Review by Frank Plowright
When considering the comics work of Dennis/Denny O’Neil, the consensus would be that his greatest achievements were modernising Batman and teaming Green Lantern with Green Arrow to inspect the state of early 1970s USA. However, there’s also the Question, begun roughly fifteen years later and also deserving consideration as a career peak.
The reputation is for zen philosophy, but the actual infusion is minimal. It’s a series about crime and social responsibility, and is a constantly interesting focus on a fascinating small group of people all flawed in one way or another. The Question was created by Steve Ditko, and in his original incarnation was an objectivist provocateur, a brutal batterer of criminals accepting no excuses for their transgressions, while railing against a weak system as newscaster Vic Sage. O’Neil retains the essentials, but his Question is more humane, understanding human weakness and acknowledging he could be a better person himself.
Sage works in Hub City, where corruption is a way of life, with the consequence that no-one sticks up for the disenfranchised. There’s an early jump forward after a shock start, and when the dust settles a long path to reform is started. When this begins Hub City has a perpetually drunk mayor nominally in charge, but it’s actually his wife, Myra, Vic’s former girlfriend, doing her best to hold the city together. The other major characters are former professor and philosophical mentor to the Question, Aristotle “Tot” Rodor, and Izzy O’Toole, among the worst of Hub City’s police detectives, who randomly decides to try for redemption.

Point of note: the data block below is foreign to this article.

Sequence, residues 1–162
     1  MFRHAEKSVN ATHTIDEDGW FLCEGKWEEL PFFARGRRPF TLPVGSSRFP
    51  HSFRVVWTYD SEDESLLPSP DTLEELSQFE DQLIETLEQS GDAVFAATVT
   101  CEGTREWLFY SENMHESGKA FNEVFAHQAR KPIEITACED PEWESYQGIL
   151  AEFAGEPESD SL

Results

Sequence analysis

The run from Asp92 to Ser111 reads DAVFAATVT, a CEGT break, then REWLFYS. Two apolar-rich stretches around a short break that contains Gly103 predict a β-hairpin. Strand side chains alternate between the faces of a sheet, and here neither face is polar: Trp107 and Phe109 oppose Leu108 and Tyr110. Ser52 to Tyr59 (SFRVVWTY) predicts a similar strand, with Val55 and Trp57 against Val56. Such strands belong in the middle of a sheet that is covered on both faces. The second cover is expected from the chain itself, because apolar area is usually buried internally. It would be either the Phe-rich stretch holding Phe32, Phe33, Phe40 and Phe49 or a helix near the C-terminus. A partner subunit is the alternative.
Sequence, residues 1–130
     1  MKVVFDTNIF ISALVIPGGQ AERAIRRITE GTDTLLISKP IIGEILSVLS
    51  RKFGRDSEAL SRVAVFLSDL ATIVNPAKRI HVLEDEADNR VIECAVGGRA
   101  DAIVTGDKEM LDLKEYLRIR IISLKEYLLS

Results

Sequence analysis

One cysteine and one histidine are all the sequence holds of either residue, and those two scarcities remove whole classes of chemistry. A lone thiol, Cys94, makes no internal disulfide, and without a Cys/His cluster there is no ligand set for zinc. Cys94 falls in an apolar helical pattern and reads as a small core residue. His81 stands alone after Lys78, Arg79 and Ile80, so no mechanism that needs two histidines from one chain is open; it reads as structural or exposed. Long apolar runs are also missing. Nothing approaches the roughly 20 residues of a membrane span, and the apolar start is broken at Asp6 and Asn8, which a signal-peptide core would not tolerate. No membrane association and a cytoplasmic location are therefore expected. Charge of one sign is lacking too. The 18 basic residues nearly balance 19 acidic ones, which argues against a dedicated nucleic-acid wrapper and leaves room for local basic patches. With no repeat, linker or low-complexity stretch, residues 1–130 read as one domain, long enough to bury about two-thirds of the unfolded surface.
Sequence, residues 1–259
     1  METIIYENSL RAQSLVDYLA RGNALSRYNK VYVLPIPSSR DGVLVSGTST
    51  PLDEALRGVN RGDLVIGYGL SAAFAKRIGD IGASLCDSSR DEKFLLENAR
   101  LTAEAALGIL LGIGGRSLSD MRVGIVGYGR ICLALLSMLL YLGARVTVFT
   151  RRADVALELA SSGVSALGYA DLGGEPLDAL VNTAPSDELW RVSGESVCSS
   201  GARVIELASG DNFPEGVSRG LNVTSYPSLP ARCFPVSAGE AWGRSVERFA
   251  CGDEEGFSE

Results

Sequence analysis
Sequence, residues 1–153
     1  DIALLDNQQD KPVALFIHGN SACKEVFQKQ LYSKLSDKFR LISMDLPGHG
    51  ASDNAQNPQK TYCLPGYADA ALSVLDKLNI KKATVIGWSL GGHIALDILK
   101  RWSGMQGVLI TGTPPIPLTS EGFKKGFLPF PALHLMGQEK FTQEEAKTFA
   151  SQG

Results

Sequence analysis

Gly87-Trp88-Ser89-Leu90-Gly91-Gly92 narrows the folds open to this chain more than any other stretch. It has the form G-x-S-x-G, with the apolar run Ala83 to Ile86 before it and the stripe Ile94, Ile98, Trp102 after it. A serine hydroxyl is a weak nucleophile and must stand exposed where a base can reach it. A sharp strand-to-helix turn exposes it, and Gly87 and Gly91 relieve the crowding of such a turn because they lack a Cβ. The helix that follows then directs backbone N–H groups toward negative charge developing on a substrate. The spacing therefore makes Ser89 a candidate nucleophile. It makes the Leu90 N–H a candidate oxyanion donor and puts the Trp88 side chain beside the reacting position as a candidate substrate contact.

A constantly sleazy background and edgy atmosphere is off to a shaky start under Denys Cowan, but there’s a rapid grasping of what the series requires, and even among the earliest, weakest material there are some stunning pages, with layouts and characters always strong. Cowan’s cast reflect their circumstances, aren’t glamorised and there’s grace and motion to the action. He’s no showboater, but comes off well while always serving the needs of the story.
Because everyone has feet of clay, and O’Neil seems to be attempting to understand some views along with his cast, once past the more commonplace opening crime drama, the series remains fresh, surprising and occasionally provocative. A bigoted investigator’s use of racist language hasn’t been censored, surprising in these times, but it’s profoundly uncomfortable, so credit to DC for treating readers as adults. O’Neil does this throughout. It’s noticeable that he doesn’t employ thought balloons, meaning The Question dates better than many 1980s series, and he’s true to the spirit of the title by generating thought without necessarily providing answers. This is among crime dramas that hold their end up as entertainment.
Although out of print, all this content was available in paperbacks Zen and Violence, Poisoned Ground, Epitaph for a Hero, Welcome to Oz and part of Riddles. It’s hoped a second volume will follow, as a fair amount of O’Neil’s subsequent Question stories have never been issued as graphic novels.